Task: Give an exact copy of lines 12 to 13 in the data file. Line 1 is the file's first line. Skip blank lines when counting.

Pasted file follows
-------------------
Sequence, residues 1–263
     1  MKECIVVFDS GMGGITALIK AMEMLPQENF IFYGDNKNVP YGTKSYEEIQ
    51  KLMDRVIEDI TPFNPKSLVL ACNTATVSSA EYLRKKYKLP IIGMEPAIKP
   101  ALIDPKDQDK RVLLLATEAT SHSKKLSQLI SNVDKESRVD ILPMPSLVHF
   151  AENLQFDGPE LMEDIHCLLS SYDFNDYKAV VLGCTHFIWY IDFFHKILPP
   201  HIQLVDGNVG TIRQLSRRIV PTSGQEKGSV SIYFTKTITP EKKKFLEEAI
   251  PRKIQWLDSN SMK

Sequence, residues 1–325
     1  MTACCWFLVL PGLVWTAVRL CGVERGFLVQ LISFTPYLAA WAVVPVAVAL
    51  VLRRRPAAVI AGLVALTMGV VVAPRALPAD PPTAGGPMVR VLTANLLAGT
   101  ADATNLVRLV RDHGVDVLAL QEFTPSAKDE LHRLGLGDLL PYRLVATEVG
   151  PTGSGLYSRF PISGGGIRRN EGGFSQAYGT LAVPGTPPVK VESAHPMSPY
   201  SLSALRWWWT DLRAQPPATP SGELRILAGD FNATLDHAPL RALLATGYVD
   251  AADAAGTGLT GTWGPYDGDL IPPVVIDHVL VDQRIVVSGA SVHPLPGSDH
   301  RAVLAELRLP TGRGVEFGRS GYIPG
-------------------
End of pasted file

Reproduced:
   151  PTGSGLYSRF PISGGGIRRN EGGFSQAYGT LAVPGTPPVK VESAHPMSPY
   201  SLSALRWWWT DLRAQPPATP SGELRILAGD FNATLDHAPL RALLATGYVD